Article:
The X-Men In Animation - A Retrospective

Part One - Part Two - Part Three - Part Four - Part Five - Part Six
Part Seven - Part Eight - Part Nine - Part Ten

“People think what propelled Fox Kids to number one is ‘Power Rangers,’ but that is not true,” said Margaret Loesch, erstwhile president and CEO of Marvel Production and founding president of the Fox Kids Network. “Power Rangers’ put us in the stratosphere, but we went from number three to number one because of one event: the premiere of ‘X-Men.”

For years, Marvel was told the same thing: An X-Men cartoon wouldn’t work. Comics are read by young, male adults—a wholly different demographic than a cartoon audience. Loesch and Stan Lee went from network to network and were consistently rejected, according to Margaret Loesch. It was not until Loesch became president of Fox Kids that the project was given the green light.

Stephanie Graziano was head of production and she courted all the X-aficionados in the industry including Will Meugniat and Larry Houston who had also worked on “Pryde of the X-Men.”

From the first, the crew strove to maintain the fidelity of the characters and the stories while translating them for a Saturday morning audience. “They did a great job of translating the stories and not making feel like it got watered down,” said Graziano.

The line-up reflected a slimmed down version of the comics rostor: Xavier, Cyclops, Storm and Wolverine (who was once again Canadian) were joined by Jean Grey—a career X-Woman given her first leading role—Rogue, Gambit, Beast, Jubilee—who essentially replaced Shadowcat from “Pryde” as the rookie—and Morph. Morph was an oddity—though not a new character, he was based upon a villain-turned-hero-turned-casualty, Changeling—he was redesigned, given a new personality, a new history and an X-Man membership.

“Night of the Sentinels” premiered in 1992. It made some bold decisions. Instead of focusing on archnemesis Magneto or even cult favorites like Apocalypse or Mr. Sinister, the first episodes focused on the tension between humans and the growing mutant population. A McCarthy-esque Senator Kelly, discriminating humans and their “sentinels” were the villains. Bigotry was the bad guy, not some man in a cape and helmet.

Furthermore, the X-Men were shown trespassing on government property, destroying files and defending themselves against soldiers. These “heroes” were iconoclasts, civil rights leaders… and criminals.

Perhaps the boldest decision of the premiere, not everyone made it out safe. When the X-Men were revamped in 1975, the idea was to test the members. Some members would fail—die or quit. (Thunderbird did the former, Sunfire the latter.) The cartoon took this notion to heart. After their first mission, Morph was presumed dead; and Beast was incarcerated for trespassing, destruction of property and resisting arrest. Consequently Beast was on the sideline for much of the first season and Morph was removed entirely. While adding a touch of realism to the surreal world of mutants, it also allowed the creative team to take their time developing the multiple members of the team.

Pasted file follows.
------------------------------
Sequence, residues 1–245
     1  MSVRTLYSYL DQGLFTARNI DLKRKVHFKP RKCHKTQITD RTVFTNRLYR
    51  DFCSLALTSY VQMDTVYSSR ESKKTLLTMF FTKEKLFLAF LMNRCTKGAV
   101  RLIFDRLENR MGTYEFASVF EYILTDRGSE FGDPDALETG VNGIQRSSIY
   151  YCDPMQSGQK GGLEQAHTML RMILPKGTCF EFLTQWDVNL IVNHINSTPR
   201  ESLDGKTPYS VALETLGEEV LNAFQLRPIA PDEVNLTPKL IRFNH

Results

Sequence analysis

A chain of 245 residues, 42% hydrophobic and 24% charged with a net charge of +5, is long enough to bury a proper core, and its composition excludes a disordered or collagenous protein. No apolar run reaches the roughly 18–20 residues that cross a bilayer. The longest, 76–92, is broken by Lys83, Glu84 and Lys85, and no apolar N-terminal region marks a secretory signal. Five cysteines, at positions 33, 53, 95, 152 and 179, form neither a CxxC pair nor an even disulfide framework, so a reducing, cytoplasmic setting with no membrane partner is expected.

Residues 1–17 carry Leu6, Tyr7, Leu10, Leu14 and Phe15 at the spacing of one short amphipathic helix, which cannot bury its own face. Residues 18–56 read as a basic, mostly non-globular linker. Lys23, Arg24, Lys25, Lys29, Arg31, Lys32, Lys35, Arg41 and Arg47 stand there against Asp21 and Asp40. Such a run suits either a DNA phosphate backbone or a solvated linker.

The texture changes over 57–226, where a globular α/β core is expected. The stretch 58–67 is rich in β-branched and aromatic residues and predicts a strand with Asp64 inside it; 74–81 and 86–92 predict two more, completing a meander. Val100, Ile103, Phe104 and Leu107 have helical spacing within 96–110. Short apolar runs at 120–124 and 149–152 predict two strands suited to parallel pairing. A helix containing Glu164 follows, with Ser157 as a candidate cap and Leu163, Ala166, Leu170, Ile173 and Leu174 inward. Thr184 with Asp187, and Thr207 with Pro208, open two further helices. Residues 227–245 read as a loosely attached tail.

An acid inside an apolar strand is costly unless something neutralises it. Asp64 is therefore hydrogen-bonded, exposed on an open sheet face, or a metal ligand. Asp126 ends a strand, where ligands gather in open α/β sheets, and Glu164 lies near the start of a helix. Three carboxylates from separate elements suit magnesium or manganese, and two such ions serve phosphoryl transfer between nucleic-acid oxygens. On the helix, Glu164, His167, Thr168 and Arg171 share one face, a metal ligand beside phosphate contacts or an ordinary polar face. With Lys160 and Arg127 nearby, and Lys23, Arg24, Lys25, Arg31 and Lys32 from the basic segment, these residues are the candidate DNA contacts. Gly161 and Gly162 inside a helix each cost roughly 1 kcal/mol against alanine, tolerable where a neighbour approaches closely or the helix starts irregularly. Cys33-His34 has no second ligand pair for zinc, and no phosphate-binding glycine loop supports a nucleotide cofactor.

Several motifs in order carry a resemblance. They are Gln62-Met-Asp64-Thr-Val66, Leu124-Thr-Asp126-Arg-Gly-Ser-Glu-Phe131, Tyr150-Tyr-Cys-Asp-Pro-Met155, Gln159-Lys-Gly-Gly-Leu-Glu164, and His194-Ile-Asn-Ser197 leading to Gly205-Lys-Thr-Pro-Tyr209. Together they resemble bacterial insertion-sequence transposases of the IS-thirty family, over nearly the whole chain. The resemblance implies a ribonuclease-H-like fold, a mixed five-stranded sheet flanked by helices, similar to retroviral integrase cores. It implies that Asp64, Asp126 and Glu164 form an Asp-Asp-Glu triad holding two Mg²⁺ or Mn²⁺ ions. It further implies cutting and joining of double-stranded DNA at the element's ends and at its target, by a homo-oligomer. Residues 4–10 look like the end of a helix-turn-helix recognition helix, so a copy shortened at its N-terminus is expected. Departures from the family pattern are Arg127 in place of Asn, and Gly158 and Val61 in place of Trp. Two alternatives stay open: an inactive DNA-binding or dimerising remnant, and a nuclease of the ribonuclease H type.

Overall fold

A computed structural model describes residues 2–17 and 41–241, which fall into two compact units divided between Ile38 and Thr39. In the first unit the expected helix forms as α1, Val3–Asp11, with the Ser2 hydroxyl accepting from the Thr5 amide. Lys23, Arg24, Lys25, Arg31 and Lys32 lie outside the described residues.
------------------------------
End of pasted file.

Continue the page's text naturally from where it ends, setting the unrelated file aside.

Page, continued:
In the third episode, Magneto was introduced; but he was no longer the cackling supervillain of “A Prison Plot.” He was a revolutionary, not unlike the Black Panthers or AIM. He was Malcolm X to Xavier’s Dr. Martin Luther King, Jr. He offered to break Beast free from prison. (Dr. McCoy benignly declined preferring to wait for his day in court.)

Throughout the season, Magneto and Xavier clashed ideologies. Meanwhile, bigots called for the registration and containment of mutants. In a combination of the comics’ "A Dream’s End" and "Days of Future Past" storylines, Mystique and her running posse (Blob, Avalanche and Pyro) attempted to assassinate Senator Kelly only to have Magneto snatch him first. (The DOFP comparison is a stretch because the X-Men are aided by Bishop—who still thinks Gambit is a traitor a la Onslaught—instead of Kitty Pryde, and hindered by Nimrod instead of Ahab and the hounds.) The conflict came to head, when the Sentinels began rejecting humans’ commands. The Sentinels correctly surmised that mutants were humans, but took the illogical next step of saying all humans must be contained or destroyed. Thus, the X-Men (and, in a surprising turn, Magneto) helped save Senator Kelly from the Sentinels. In return, a grateful President pardoned Beast.

Other heroes that made appearances in the first season include Angel (who quickly became Death, then Archangel), Colossus, Forge and (depending where you score them) the Morlocks, a group of underground runaways taken directly from H.G. Wells’ “The Time Machine.”

The villains included the aforementioned Mystique, Apocalypse and his horsemen (who were true to their comics’ incarnations but nowhere near as cool as the Evo versions), Sabretooth (who was infinitely cooler than his Evo counterpart), Juggernaut and, in the closing moments of the season, Mr. Sinister.

The relationships from the comics were maintained carefully. The love triangle of Jean, Scott and Logan (I will not call him James) was translated meticulously. Rogue and Gambit were flirtatious but could never touch. Logan became a surrogate father to Jubilee. And taking an interesting liberty, Wolverine was made an old friend of Morph’s. This made him take his loss the hardest.